6 - Basic Color Theory

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Understanding Colors

Even when using a pre-created palette we still need to think about the colors we are using. My main objective when it comes to colors is to do as much as I can with as little as possible. I’ll try to explain some characteristics and synergies between colors.

We can break colors down to 3 main aspects: hue, saturation, and value, or HSV for short. There are more ways to break down colors, like HSL, RGB, LAB, CMYK and many others, but I chose HSV because it’s a very simple and direct way of manipulating color when drawing. Let’s explore these aspects one by one.


Balloons of different hues

Hue is a property that describes… well, the color of the color. It’s also called the identity of the color, if it’s red, green, blue, but not how bright or intense it is. It’s important to note that some hues, like blue and purple, can appear darker than yellow, even when the luminosity value is the same. Remember that you might need to compensate this depending on the effect you are going for.

Usually we avoid mixing too many different hues in a single image or it might get too busy. I’ll explain some more about this in the Color Schemes topic.


Low contrast skin and high contrast details

Saturation is the intensity of color or pigment in a color. A bright red has high saturation, opposing a grey color, which has very low saturation. Usually too much saturation can make your eyes hurt a little, so if you’re not sure, avoid using 100% saturation in colors.

Large high saturation areas can also make the eye tired, so again, if you’re not sure, try using large low saturation areas with small high saturation details.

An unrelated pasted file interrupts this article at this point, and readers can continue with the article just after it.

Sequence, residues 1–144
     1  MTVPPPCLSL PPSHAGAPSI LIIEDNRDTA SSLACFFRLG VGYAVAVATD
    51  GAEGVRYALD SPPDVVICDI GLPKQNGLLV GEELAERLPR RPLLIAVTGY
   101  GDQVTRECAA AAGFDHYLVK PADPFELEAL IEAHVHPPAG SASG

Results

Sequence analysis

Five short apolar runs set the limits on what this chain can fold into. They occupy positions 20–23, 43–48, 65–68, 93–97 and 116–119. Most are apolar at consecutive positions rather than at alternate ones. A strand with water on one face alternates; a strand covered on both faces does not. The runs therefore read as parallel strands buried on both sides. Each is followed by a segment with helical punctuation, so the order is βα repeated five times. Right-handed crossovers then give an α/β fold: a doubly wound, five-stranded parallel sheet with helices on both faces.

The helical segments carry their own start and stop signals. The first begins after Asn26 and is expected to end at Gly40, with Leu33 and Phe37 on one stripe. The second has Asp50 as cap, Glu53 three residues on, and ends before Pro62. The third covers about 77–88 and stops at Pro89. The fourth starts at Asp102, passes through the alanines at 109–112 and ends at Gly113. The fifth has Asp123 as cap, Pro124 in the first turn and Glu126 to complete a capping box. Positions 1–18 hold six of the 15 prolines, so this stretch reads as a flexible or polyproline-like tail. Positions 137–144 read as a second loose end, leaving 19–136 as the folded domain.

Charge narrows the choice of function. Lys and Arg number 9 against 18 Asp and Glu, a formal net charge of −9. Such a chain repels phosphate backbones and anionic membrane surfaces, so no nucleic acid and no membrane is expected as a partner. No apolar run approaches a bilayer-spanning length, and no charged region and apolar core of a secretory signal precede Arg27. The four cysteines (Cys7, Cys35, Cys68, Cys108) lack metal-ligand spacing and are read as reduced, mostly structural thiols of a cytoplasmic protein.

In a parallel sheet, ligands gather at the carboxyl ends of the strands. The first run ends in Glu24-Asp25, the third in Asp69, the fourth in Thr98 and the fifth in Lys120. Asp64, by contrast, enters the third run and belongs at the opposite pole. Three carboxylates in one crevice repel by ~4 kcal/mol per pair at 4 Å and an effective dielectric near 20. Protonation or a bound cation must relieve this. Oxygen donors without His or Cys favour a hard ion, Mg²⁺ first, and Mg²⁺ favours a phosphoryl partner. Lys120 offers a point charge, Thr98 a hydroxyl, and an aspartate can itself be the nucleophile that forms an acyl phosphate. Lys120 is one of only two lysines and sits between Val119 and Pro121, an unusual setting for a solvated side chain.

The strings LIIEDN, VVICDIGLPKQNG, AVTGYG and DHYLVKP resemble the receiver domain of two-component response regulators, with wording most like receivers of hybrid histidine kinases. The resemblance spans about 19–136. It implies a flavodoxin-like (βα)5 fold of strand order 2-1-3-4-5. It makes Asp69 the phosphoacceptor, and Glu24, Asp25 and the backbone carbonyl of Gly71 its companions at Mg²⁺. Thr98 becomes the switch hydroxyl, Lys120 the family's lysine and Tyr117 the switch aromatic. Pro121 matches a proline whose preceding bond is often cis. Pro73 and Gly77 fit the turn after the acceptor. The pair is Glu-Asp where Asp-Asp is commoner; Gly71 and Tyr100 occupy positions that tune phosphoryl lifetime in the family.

High and low values

Simply put, value is the amount of light a color has. A light orange has a high value, a dark orange has a low value. Usually this is directly related to light; where there’s light there’s a high value color and the opposite in the shadow.

Color Temperature

Color temperature is not part of the HSV model but it’s a very important characteristic of the color.

High and low values

Color temperature is dictated by all the characteristics: hue, saturation, and value. In general, you can think something like this:

I like to have images with opposing shadow and light temperatures, usually a hot light and cold shadows, but sometimes the opposite can work too. This doesn’t mean that one needs to be red and the other blue, just slightly warmer or colder, it all depends on the ambiance you want to create.


Choosing colors is especially important when dealing with light and shadow. I explained the basics of shading in my previous article (that ideally you should read before this one). I’ll focus now on how to choose colors when shading.

Let’s try making a simple drawing of a vase, here’s how I started mine:

A simple vase with no shading
Nossa Senhora da Saúde Church (Photo by Heidy K.M.)